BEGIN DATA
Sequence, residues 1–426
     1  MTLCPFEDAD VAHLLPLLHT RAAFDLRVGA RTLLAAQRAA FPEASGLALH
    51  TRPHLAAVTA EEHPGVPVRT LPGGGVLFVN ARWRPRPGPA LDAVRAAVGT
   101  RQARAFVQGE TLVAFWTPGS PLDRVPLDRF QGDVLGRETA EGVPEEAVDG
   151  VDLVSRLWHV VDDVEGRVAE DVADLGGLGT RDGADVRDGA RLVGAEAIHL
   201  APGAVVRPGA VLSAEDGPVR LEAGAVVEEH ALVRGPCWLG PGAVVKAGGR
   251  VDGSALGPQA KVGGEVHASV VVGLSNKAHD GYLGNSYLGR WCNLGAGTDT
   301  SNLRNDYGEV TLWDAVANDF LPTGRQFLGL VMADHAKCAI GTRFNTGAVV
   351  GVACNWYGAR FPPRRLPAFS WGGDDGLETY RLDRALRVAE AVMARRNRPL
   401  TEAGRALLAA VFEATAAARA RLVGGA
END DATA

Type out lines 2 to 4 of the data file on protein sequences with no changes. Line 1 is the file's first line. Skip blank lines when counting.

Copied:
     1  MTLCPFEDAD VAHLLPLLHT RAAFDLRVGA RTLLAAQRAA FPEASGLALH
    51  TRPHLAAVTA EEHPGVPVRT LPGGGVLFVN ARWRPRPGPA LDAVRAAVGT
   101  RQARAFVQGE TLVAFWTPGS PLDRVPLDRF QGDVLGRETA EGVPEEAVDG